Similarly, the extremely popular use of electronics comes with scientifically-researched adverse health effects, which include cancer, chronic disease, DNA damage and neurological disorders. But as an even bigger industry than cigarettes, cell phone and telecom companies have much more at stake if these effects become as widely known.
Similarities Between Cigarettes and Cell Phones
There are two industries who may be using similar public relations practices, which, it seems, may be masking public health risks.
The Tobacco Industry
In 2004, Robert N. Proctor gave the expert testimony Tobacco and Health report for “The United States of America v. Philip Morris” federal court case. In a time window he refers to as “time lag,” Proctor says that there is clear evidence that cancer and other health issues related to cigarette smoking might take 20, 30 or even 40 plus years to appear.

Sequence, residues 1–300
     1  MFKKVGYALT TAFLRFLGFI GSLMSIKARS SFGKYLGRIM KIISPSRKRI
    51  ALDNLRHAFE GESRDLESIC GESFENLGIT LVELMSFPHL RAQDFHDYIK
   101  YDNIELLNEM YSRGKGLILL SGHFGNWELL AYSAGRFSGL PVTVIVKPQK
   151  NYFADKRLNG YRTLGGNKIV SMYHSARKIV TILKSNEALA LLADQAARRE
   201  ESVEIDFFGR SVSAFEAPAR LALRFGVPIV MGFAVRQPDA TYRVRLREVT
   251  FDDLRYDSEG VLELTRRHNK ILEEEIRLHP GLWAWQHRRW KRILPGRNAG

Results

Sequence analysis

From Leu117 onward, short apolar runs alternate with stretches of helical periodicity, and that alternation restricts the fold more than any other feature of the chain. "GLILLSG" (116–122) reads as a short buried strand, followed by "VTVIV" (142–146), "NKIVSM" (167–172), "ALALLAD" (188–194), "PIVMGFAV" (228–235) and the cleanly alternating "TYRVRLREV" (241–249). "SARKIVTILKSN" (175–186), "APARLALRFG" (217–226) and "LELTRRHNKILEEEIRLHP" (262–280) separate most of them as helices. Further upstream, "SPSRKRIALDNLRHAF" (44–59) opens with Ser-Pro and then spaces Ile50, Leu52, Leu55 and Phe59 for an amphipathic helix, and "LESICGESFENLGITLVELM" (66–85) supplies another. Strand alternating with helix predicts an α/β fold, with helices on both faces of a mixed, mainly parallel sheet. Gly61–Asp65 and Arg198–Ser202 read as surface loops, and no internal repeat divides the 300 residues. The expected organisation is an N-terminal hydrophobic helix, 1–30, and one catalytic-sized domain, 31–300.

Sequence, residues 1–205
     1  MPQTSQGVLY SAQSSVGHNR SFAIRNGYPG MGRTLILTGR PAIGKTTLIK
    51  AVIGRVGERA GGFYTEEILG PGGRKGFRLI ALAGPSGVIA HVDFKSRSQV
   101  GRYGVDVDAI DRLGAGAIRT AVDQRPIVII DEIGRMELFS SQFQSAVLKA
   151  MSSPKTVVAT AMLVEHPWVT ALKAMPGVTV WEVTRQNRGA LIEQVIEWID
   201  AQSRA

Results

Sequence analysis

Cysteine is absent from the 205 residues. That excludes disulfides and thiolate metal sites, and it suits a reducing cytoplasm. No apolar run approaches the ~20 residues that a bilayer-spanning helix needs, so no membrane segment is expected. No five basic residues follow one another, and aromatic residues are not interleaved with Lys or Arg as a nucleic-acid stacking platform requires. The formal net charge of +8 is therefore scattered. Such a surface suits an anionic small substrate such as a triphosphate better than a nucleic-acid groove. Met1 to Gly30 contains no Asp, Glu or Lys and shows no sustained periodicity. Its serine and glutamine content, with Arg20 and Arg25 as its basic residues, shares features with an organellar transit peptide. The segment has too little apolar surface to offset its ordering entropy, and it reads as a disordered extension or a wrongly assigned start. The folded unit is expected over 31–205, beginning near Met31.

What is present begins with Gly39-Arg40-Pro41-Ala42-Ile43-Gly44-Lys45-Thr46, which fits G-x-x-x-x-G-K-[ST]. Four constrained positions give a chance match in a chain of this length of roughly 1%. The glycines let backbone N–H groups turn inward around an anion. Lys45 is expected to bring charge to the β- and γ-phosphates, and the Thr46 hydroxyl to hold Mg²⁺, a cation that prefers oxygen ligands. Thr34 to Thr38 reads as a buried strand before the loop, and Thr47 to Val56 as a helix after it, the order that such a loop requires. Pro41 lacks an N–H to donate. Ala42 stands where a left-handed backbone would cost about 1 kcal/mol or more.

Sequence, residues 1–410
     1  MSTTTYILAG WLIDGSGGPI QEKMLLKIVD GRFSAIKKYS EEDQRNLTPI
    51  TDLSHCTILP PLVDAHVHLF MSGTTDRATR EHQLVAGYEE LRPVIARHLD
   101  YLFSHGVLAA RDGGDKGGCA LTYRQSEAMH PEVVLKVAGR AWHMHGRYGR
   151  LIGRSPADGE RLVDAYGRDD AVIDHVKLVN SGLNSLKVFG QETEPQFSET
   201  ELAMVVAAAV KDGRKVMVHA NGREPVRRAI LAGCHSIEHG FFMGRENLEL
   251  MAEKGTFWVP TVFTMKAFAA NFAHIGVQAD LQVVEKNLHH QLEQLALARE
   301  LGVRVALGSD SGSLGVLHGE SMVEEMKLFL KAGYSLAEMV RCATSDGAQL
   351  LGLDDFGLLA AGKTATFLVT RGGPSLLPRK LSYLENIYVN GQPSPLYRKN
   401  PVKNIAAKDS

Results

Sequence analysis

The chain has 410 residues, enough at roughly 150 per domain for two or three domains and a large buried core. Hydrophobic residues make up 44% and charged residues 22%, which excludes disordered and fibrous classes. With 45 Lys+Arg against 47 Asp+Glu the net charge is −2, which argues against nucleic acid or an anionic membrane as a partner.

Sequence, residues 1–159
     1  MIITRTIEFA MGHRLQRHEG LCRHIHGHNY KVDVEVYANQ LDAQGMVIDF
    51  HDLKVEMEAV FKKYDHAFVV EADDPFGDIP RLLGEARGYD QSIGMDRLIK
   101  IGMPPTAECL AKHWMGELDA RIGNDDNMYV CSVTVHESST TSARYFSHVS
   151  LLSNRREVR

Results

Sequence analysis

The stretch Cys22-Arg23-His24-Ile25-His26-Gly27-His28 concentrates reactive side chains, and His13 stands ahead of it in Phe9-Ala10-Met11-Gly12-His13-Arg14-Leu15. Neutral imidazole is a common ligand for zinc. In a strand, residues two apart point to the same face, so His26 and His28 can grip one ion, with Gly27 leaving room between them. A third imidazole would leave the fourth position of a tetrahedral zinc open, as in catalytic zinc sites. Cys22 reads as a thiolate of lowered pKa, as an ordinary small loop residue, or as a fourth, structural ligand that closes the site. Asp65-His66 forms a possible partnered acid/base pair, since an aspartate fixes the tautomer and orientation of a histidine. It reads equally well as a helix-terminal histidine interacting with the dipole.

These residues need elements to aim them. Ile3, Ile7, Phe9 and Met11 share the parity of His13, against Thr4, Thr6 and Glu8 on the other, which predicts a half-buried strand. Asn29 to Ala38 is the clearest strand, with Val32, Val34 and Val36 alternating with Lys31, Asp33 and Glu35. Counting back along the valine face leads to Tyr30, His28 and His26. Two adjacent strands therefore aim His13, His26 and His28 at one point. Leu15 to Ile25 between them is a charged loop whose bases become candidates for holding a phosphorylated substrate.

This explains why earlier in the twentieth century there wasn’t a massive increase diagnoses of lung cancer due to cigarette smoking until many, many years later. There were several decades of exposure to cigarette carcinogens during which doctors had little familiarity with the disease symptoms.
Tobacco companies were eventually found responsible for withholding knowledge of the grave health issues caused by cigarettes, but it took decades for any kind of public acknowledgement.
In fact, it was not until 1966 that the FDA required warning labels on cigarettes packs in the U.S. Even after the labels were added, tobacco companies continued to deny any risks.
In 1971 for instance, the British Research Council concluded that pregnant mothers who smoked gave birth to underweight babies and higher than average mortality rates.
Unbelievably, Joseph Cullman, Philip Morris’s chairman at that time, actually responded to the council on Face the Nation by declaring “we do not believe that cigarettes are hazardous” and admitting that women smoking during pregnancy have smaller babies, adding, “some women would prefer having smaller babies.”